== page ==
Tavis: And yet, your point notwithstanding, and I get it, but that said, when you think of Republicans and Democrats, I think the average American would put economic policy in their category, even though your point is that they have not won on economics, when you think of the race for the White House you tend to think that economic policy is a wholly owned subsidiary, the purview of, the bailiwick of the GOP, not the Democrats.
Krugman: Oh, that’s not the way – no polls that I’ve seen lately. Right now, if you look at the polls, the Democrats have got a decisive advantage on everything except national security, where it’s roughly equal. So no, the public likes – if you look at public opinion on the issues, it’s sort of to the left of the middle of the Democratic Party, and if you look at how the public rates it, economics really is a Democratic issue.
The public wants a direction. The public would like us to have more policies, more government support, a stronger safety net, and they’re even willing to pay more taxes to do it.
Tavis: So what, if anything, is encouraging to you about what you see now vis-à-vis the Democratic field raising this issue, getting traction on this issue, economics?
Krugman: Oh, it’s been – look, healthcare, which is an economic issue as well as a medical issue, the positions they’ve taken are more progressive than anything I thought was possible two years ago. Remember, two and a half years ago, we thought we were going to lose Social Security. Now we’ve got all three leading Democratic candidates proposing pretty good plans for universal health coverage. That’s a big step in the right direction, and I think it’s a winning issue for them.
Tavis: What is the primary factor or the primary factors driving this gap that continues to expand between the have-gots and the have-nots that you write so much about?
Krugman: I think it’s institutions and ultimately, politics. So the example I like to use is unions. Unions are a powerful equalizing force wherever they’re strong. The U.S. used to have a strong union movement. People say, “Oh, well, but the world has changed. There’s not a place for unions anymore.” But then you look at other countries – Canada. Canada in the sixties had the same unionization as the U.S., about 30 percent of workers were in unions. Canada still has a strong union movement.
The U.S., it’s been shrunk to a fraction of its former size and that’s because employers were basically given an open hunting license to bust union organizers, starting with Ronald Reagan. So it’s a political thing. It’s not everything. There may be other stuff going on. But if you really look at it, a lot of it is that look, the middle class society – I grew up in a middle class society. We don’t have one anymore.
That middle class society was created by Franklin Roosevelt. The economic historians call it the great compression. It was really only about 10 years, and the income differential has gotten a lot narrower. And I believe and I argue in the book that the great divergence that has taken place since the 1970s has a lot to do with politics, too.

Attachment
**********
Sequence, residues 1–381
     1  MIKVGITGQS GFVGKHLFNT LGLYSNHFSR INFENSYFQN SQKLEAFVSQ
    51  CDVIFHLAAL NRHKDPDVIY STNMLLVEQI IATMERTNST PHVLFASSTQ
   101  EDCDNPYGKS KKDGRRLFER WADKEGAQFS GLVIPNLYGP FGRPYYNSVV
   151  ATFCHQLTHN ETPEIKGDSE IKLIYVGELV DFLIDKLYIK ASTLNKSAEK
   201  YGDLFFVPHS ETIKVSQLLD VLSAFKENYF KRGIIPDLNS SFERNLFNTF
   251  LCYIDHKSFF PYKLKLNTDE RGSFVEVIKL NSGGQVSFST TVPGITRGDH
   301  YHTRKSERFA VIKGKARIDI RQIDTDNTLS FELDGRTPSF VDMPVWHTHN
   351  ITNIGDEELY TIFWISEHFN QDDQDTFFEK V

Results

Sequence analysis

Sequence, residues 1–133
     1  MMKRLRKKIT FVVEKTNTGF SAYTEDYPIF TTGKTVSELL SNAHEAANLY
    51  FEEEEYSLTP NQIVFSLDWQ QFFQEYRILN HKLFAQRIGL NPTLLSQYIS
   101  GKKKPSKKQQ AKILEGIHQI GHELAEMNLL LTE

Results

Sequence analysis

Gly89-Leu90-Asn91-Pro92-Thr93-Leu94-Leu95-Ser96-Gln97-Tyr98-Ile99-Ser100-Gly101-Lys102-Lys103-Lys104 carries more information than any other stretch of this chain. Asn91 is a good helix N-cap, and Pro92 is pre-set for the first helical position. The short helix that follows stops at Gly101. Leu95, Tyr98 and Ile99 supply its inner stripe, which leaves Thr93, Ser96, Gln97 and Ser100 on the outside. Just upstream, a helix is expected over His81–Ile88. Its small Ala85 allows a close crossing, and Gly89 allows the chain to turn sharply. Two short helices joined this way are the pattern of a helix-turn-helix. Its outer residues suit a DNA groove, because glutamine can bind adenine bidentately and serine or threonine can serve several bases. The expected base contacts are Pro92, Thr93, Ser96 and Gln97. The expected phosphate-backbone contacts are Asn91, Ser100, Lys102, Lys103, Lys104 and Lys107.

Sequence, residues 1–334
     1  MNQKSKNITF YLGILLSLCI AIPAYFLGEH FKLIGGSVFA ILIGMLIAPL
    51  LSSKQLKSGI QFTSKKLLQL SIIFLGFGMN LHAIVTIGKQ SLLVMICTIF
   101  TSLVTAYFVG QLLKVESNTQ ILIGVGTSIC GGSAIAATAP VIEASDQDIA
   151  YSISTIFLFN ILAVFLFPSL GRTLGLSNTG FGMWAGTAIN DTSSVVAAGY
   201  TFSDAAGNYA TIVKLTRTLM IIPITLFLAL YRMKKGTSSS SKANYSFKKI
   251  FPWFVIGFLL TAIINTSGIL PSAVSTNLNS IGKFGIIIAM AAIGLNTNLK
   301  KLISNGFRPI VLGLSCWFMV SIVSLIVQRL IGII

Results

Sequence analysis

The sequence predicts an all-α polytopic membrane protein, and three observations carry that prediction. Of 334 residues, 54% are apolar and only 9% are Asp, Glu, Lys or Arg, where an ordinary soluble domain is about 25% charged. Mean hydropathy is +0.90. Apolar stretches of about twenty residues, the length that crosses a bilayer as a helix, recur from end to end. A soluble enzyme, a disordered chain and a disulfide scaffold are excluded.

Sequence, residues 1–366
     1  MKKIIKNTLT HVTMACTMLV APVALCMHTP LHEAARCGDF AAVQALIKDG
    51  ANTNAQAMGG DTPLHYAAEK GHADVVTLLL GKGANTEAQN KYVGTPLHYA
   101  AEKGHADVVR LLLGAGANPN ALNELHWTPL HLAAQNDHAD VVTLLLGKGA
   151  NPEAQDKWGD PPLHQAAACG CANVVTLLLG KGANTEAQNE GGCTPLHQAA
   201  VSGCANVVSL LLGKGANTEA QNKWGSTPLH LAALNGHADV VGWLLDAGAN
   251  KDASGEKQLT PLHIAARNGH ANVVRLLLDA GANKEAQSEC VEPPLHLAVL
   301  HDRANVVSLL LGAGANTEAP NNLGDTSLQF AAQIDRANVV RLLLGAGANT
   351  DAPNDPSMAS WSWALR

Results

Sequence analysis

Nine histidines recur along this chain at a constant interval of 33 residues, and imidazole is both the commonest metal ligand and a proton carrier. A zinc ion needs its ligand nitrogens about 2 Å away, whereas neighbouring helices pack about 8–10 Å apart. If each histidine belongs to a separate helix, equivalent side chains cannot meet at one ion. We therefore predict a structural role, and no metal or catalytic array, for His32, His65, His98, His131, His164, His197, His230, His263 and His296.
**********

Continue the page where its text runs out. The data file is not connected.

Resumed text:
Tavis: I take your point, but I want to dig a little deeper. I take your point about the fact that there is no longer a middle class, as there once was. What do you mean by that, though?
Krugman: What I mean is that it used to be there were very few people who were so rich that they were sort of out of the sphere of – not living in the same world as most people. It used to be that blue-collar workers with good jobs had houses that weren’t that much smaller, lived lives that weren’t that dissimilar to managers, and they weren’t in a completely different material universe.
That’s no longer true. Now you look and over the past 35 years, sort of the end of the great post-war boom, we’re not sure whether the typical family is any better off than it was, right? With all this stuff, computers, fax machines, Internet – all these things that have made us more productive have come along, and yet the gains have gone, the lion’s share has gone to the top couple of percent of the population so that middle class is not really sharing in the economy. That’s not a middle class economy.
Tavis: Why should I believe – never mind what you’ve said so far in this conversation – that in the most multicultural, multiracial, multiethnic America ever, where economic policy is concerned, that we won’t witness a country that turns more and more nativist every day as opposed to expressing the better angels of ourselves?
Krugman: Well, this is always the question, and the answer, I would say, is that if you look, there is a nativist element in the population, in the electorate. It’s the same element that was anti-African American. It’s the same people. The thing is, they’re a dwindling minority in this country. People are really much more open. You can just look at public opinion, not just on political issues but on social issues, and you find that it’s not paradise. There’s always going to be racism, there’s always going to be nativism. But it’s just less influential.
Look at California. We’re seeing in California – the attempt to have a sort of nativist backlash, Pete Wilson and all that. Got him one election, and then it turned out that actually, California has taken a definite progressive turn in its politics.
Tavis: This is an oversimplified question, but it really is at the heart of so much of what’s talked about in this book, if I can paraphrase it this way, and that is that whole notion of whether it’s race or if it’s class. We’ve talked about both in this conversation, so let me ask a brilliant professor an oversimplified question. At the end of the day, what is it about, going forward? Is it about race, or is it about class?
Krugman: Oh, see, what I think happened to this country is we have a political movement that is about class but that uses race to win elections. So I don’t think Ronald Reagan was a racist, I don’t think George W. Bush is a racist, but they’ve used race as a wedge issue, so the leadership – again, the 2004 election was about things – people voted on the basis of sort of emotional issues. Gay marriage, terrorism, and the exaggerated fear of terrorism. It’s a real problem, but the exaggeration I think has a racial element. Dark-skinned people.
That’s how they win elections, but what does Bush do as soon as he’s won? He says, “And now we’re going to privatize social security,” and that’s a class issue. So no, the management cares about class, but they get the base to vote for them by talking about race.
Tavis: He’s brilliant and again, must-read copy at least twice a week in “The New York Times.” I like him for a lot of reasons; tonight, I really like him because he’s just so unafraid to even say the word liberal, boldly using it on the cover of his new book. By Paul Krugman, the new one, “The Conscience of a Liberal.” Mr. Krugman, as always, good to see you, man.
Krugman: Good to see you.
Tavis: Glad to have you on.